How To Eat Home-Grown Eggs When the Birds Aren’t Laying

Curious Fact: Eggs and meat from animals that eat a healthy, species-appropriate diet contain a nutrient and healthy fats profile very similar to that of highly-touted wild salmon. They also just plain taste good.

So what is a person to do when it’s the beginning of January and ALL the ducks have stopped laying due to shorter days and an unexpectedly cold start to the winter?

Why, crack out the frozen eggs, laid aside from the bounty of October, of course!! They won’t take the place of a freshly harvested egg for standing up in the pan and smiling sunny-side-up in the plate, but they sure as heck beat pale, watery, unappetizing $1-a-dozen eggs from Walmart!

I get a lot of folks asking for tips on freezing their own bounty. I know this is the wrong time of year for this to actually be helpful, but it’s on my mind while I sit here longing for a freshly harvested egg, so here it goes anyway. Simple process for freezing eggs:

Step One: Gather your supplies

Gather your supplies


You’ll need: A bowl, a whisk (or beater), two ice cube trays (I love the dollar store variety), and a dozen fresh eggs–the fresher the better

Step Two: Crack eggs into bowl
Sorry I don’t have a picture for this. As soon as my girls start laying again…

Step Three: Lightly beat eggs, just until the yolks are mixed up with the whites
Ditto on the pictures…

Step Four: Pour beaten eggs into ice cube trays

Pour eggs into trays

Pour eggs into trays


I have found a dozen duck eggs to fit neatly into two dollar store ice cube trays. Very convenient.

Step Five: Freeze eggs

Freeze eggs

Freeze eggs


At the risk of stating the obvious, be sure to keep the eggs upright and level while they are freezing. This is what they will look like when they are completely frozen.

Step Six: Crack frozen eggs into bowl

Crack frozen eggs into bowl

Crack frozen eggs into bowl

Try really hard not to drop any into the crack between stove and counter, at the peril of having to dig a now-useless cube out of the uncharted darkness and then spend half an hour cleaning up the grossness you were formerly blissfully ignorant of:

Don't Do This

Step Seven: Pour Eggs Into Zipper Bags

Pour Eggs into Zipper Bags


Two dozen eggs fit neatly into a quart-sized freezer bag. Convenient.

Step Eight: Label and Store

Label and store


Again, the obvious: Store in your freezer. Less obvious, but almost equally important: Unless you enjoy surprises when you are expecting a refreshing mango smoothie, label the eggs carefully to avoid later confusion. Bright orange frozen cubes can be easily mis-identified. Also, knowing when you put them in the freezer increases confidence in their freshness.

Eggs can be kept this way at least six months–probably longer. Certainly long enough to get you through the desert of recalcitrant poultry who choose to eat without working. To use, simply remove the number of cubes you need (ROUGHLY two cubes per egg desired) and thaw in another baggie in warm water.

Next summer, you’ll know what to do with all those extra eggs. In the meantime, just envy me my homegrown eggs while all you schmucks are standing in the grocery aisle deciding between the $6-a-dozen okay eggs and the $1-a-dozen yucky ones.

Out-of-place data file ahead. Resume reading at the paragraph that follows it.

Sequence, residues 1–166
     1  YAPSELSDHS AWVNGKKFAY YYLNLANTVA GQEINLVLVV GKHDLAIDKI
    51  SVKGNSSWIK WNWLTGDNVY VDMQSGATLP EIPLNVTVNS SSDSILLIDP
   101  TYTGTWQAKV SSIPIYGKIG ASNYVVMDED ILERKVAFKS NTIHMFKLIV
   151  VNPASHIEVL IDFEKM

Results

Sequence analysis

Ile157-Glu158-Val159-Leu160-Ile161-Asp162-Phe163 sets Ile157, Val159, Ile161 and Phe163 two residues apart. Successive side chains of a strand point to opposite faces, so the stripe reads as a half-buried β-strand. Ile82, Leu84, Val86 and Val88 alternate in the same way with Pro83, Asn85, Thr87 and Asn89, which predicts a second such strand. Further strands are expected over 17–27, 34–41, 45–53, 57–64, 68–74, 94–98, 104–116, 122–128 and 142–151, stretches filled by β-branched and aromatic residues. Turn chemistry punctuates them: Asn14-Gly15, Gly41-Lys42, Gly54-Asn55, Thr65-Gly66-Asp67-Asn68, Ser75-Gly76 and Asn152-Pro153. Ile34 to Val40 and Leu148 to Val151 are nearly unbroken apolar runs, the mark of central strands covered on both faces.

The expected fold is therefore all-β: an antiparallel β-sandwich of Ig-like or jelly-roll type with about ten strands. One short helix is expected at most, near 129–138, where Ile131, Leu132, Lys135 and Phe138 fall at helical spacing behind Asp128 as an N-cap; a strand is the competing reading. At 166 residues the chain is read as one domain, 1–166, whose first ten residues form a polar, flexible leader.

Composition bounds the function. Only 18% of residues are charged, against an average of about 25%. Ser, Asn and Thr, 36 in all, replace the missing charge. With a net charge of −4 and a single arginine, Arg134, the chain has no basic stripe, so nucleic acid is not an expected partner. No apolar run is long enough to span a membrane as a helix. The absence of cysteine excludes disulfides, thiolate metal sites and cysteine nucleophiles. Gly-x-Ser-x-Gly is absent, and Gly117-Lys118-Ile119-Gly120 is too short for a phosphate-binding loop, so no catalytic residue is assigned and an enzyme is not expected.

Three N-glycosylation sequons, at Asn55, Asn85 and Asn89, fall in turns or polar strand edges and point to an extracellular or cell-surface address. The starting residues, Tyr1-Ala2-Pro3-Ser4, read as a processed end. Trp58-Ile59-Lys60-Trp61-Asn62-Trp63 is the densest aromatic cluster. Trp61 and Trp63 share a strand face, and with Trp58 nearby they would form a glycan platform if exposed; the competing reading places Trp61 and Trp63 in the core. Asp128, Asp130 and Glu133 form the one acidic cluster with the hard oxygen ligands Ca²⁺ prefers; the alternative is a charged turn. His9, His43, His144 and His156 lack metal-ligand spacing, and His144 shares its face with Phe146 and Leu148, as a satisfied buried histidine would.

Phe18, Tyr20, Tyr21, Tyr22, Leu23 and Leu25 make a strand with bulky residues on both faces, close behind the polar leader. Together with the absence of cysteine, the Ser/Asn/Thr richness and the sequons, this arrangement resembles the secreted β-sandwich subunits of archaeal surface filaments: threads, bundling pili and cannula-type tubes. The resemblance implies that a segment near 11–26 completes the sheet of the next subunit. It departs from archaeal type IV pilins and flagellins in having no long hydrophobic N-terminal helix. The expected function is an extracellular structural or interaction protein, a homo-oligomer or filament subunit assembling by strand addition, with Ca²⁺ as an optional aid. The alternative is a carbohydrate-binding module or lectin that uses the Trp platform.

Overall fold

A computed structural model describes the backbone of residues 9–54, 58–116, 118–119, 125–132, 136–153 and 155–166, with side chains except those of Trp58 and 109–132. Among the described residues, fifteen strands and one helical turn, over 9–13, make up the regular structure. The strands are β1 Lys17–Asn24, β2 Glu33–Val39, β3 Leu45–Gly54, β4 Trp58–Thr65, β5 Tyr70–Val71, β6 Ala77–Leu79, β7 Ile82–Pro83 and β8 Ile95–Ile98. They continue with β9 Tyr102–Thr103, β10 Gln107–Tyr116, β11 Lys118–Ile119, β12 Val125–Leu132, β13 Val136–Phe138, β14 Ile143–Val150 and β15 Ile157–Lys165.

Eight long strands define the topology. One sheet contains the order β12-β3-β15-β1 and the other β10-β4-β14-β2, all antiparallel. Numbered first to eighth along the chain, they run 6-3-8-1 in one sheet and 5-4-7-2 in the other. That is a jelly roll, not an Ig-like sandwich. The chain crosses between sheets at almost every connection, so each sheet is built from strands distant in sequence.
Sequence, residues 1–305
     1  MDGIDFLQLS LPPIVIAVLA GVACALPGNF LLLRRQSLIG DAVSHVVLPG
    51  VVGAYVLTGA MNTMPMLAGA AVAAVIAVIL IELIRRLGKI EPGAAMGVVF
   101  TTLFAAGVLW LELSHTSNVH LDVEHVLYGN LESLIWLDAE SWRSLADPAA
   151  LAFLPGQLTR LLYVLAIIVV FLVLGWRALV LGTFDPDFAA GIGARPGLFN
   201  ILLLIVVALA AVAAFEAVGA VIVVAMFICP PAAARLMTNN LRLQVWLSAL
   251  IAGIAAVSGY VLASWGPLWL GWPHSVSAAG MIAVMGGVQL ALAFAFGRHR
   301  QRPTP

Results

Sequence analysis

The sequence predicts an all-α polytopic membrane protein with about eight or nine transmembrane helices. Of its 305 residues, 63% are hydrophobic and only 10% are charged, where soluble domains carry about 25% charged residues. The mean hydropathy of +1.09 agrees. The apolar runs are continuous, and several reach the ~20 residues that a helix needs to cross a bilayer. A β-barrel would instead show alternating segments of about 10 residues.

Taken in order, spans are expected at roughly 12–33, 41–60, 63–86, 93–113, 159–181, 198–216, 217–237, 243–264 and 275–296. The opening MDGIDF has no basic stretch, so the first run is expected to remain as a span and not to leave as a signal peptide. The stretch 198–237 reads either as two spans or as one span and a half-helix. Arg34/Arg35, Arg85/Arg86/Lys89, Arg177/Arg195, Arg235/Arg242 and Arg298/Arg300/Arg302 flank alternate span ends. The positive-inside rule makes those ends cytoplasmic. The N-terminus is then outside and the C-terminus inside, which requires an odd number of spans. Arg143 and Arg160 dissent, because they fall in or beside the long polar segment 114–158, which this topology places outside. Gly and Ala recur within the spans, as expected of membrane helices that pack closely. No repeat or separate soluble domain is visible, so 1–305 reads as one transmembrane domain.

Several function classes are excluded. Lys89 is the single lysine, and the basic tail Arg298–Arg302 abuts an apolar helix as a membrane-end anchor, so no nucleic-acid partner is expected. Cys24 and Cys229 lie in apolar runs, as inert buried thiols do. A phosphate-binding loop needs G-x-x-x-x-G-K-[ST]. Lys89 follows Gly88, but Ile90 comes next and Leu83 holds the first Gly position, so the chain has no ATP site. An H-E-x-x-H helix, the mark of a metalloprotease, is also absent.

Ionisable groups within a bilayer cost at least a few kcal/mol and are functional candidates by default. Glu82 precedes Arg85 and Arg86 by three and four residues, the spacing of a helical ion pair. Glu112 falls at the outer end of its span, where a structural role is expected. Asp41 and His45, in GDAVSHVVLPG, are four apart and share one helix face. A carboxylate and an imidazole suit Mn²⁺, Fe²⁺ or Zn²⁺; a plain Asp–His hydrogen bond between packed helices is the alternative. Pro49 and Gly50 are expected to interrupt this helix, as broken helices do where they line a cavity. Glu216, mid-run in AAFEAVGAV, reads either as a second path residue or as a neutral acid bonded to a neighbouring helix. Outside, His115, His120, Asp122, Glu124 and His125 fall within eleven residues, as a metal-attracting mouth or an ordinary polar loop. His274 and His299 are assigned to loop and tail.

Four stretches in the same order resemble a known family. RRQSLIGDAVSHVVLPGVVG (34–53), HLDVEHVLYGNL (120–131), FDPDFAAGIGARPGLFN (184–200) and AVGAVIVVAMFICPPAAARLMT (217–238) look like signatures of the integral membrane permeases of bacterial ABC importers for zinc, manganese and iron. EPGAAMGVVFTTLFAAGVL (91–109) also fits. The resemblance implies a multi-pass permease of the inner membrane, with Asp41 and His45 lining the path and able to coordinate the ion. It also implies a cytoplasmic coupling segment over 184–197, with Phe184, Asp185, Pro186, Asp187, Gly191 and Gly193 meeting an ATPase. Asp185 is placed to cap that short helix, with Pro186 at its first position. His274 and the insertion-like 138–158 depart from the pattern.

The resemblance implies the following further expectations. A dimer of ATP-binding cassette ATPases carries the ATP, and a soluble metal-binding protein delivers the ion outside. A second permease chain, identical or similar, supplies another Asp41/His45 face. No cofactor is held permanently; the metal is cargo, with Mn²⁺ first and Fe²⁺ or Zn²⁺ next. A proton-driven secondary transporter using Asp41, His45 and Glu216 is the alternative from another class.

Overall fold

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8 responses to “How To Eat Home-Grown Eggs When the Birds Aren’t Laying

  1. So, are there any applications that the eggs no longer work for after freezing? I mean, can you still bake with them as well as fry, scramble, make omelettes, etc? I ask because liquid egg substitutes say you can’t make angel food cake with them, I believe…

    • Hi Wendy! Thanks for asking–that’s a really good question. They obviously don’t make very good soft-boiled eggs, or sunny-side-up fried. Also, of course, if you want to use whites and yolks separately, you’ll need to separate them before beating and freezing.

      But my experience has been that fresh eggs frozen in this way do fine in most baking applications and even as scrambled eggs or omelets. I don’t bake angel food, so I can’t speak from experience on that, but I did find an article in Cook’s Illustrated on the topic. They said that some brands of liquid egg white did fine in their angel food applications, and some didn’t do well at all. I suspect that the quality of the eggs that you start with have a huge impact on this, but it also could have to do with the way they are processed before and after packaging.

      I would love to hear from any readers who try this, whether whites frozen in this way can be used for meringues, angel food cake, etc. Because now I’m curious too!

  2. LOVE this! Thanks for the tips. I may have to share this awesome info with my readers in the future and if I do I’ll be sure to give you credit. I think I need more chickens in order to have enough for freezing though. Our 5 (previously 6) little girls barely keep up with our egg consumption. šŸ™‚

  3. You’re welcome, and please feel free to share! The concept came from the wonderful community at Backyard Chickens (www.backyardchickens.com) and Organic Gardening (www.organicgardening.com), both of which have great forums. Of course the photos & actual text is my own, but the ideas are freeware. šŸ™‚ That being said, I welcome links back to my site, so … share away!

  4. Oh, about your chickies–how many eggs a day do they provide? We honestly don’t eat five a day, so we end up with lots of extras even when I have only a small flock. Of course, with 16 girls in the flock, summertime provides a glut of eggs. I sell some, hatch some, eat some, and freeze some. They certainly don’t go to waste!

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